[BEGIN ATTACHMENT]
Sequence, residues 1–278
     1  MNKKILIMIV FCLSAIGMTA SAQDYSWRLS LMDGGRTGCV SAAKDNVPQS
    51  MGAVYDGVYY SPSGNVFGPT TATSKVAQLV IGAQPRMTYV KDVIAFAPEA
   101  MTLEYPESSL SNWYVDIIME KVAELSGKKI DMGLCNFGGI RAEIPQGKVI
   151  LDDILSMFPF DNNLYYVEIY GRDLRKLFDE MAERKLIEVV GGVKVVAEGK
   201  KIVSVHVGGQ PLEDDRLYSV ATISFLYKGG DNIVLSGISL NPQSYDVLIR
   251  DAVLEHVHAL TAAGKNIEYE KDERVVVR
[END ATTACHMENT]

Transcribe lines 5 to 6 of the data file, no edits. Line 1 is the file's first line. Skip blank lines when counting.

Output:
   151  LDDILSMFPF DNNLYYVEIY GRDLRKLFDE MAERKLIEVV GGVKVVAEGK
   201  KIVSVHVGGQ PLEDDRLYSV ATISFLYKGG DNIVLSGISL NPQSYDVLIR